Seismic wave data has revealed giant structures 2900 kilometres beneath the surface of Earth, at the boundary between Earth's molten core and solid mantle. The structure, known as an ultra-low velocity (ULV) zone, is about 1000 kilometres in diameter and 25 kilometres thick, says Kim. These structures are called ULV zones because seismic waves pass through them at slower velocities, but what they are made of is still a mystery. They might be chemically distinct from Earth's iron–nickel alloy core and silicate rock mantle, or have different thermal properties. The researchers discovered the structure while analysing 7000 records of seismic activity from earthquakes that occurred around the Pacific Ocean basin between 1990 and 2018.
Inherent batch-to-batch variability, aging, and contamination are major factors contributing to variability in oil-field cement-slurry performance. Of particular concern are problems encountered when a slurry is formulated with one cement sample and used with a batch having different properties. Such variability imposes a heavy burden on performance testing and is often a major factor in operational failure. We describe methods that allow the identification, characterization, and prediction of the variability of oil-field cements. Our approach involves predicting cement compositions, particle-size distributions, and thickening-time curves from the diffuse reflectance infrared Fourier transform spectrum of neat cement powders.
Google says that it will not "build custom AI/ML algorithms to facilitate upstream extraction in the oil and gas industry," the company announced on Tuesday. This represents a small but significant win for climate activists. Google's comment coincided with the release of a new Greenpeace report highlighting the role of the three leading cloud-computing services--Google Cloud, Amazon Web Services, and Microsoft Azure--in helping companies find and extract oil and gas. Greenpeace notes that extracting known fossil fuel reserves would already be sufficient to push the world over 2 degrees of warming. Uncovering additional reserves will ultimately lead to even more warming.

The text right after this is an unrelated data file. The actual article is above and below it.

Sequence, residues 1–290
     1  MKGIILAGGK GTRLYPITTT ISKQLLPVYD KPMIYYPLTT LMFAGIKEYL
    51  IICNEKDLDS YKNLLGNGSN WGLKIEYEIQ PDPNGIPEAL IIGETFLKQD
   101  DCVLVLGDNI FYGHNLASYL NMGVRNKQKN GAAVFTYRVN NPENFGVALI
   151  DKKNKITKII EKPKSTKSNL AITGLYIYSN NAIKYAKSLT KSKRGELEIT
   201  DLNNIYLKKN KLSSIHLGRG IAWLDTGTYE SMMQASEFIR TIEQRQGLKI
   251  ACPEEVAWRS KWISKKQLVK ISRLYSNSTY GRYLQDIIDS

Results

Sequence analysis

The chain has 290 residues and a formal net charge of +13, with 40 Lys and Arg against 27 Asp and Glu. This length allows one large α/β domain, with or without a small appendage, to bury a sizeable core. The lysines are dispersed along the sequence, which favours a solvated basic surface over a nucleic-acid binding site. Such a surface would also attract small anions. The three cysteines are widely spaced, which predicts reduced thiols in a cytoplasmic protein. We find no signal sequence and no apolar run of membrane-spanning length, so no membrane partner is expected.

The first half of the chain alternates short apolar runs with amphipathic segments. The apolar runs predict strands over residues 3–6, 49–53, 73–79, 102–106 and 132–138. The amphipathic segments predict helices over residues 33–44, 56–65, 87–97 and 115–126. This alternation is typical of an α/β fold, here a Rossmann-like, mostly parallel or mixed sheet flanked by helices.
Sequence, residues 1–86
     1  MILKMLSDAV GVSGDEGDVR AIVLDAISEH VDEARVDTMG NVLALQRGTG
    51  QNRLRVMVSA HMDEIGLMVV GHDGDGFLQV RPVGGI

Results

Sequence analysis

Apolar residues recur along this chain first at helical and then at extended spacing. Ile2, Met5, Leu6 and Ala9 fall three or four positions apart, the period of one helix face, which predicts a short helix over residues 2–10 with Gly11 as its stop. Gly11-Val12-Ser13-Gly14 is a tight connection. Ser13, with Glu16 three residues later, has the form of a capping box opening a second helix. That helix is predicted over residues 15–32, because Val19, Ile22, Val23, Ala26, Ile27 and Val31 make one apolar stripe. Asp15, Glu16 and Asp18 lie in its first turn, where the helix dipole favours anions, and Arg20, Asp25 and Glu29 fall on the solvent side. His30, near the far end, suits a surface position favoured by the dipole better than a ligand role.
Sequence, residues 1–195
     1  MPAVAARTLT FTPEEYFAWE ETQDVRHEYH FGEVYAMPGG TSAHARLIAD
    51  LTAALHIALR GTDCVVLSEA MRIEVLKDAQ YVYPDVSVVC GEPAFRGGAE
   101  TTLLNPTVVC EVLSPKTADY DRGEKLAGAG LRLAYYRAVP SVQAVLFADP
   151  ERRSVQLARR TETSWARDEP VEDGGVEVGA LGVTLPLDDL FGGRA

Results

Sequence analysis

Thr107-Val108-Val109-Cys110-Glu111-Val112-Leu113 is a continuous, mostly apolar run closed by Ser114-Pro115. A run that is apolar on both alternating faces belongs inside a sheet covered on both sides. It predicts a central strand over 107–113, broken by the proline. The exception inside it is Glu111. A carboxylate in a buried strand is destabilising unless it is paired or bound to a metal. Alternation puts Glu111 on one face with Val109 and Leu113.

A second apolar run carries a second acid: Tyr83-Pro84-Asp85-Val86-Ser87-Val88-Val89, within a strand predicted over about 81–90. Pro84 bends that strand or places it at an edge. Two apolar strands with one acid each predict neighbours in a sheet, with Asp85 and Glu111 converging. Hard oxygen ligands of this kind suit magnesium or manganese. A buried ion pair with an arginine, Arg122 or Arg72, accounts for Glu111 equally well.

Over the last century, scientists have developed methods to map the structures within the Earth's crust, in order to identify resources such as oil reserves, geothermal sources, and, more recently, reservoirs where excess carbon dioxide could potentially be sequestered. They do so by tracking seismic waves that are produced naturally by earthquakes or artificially via explosives or underwater air guns. The way these waves bounce and scatter through the Earth can give scientists an idea of the type of structures that lie beneath the surface. There is a narrow range of seismic waves -- those that occur at low frequencies of around 1 hertz -- that could give scientists the clearest picture of underground structures spanning wide distances. But these waves are often drowned out by Earth's noisy seismic hum, and are therefore difficult to pick up with current detectors.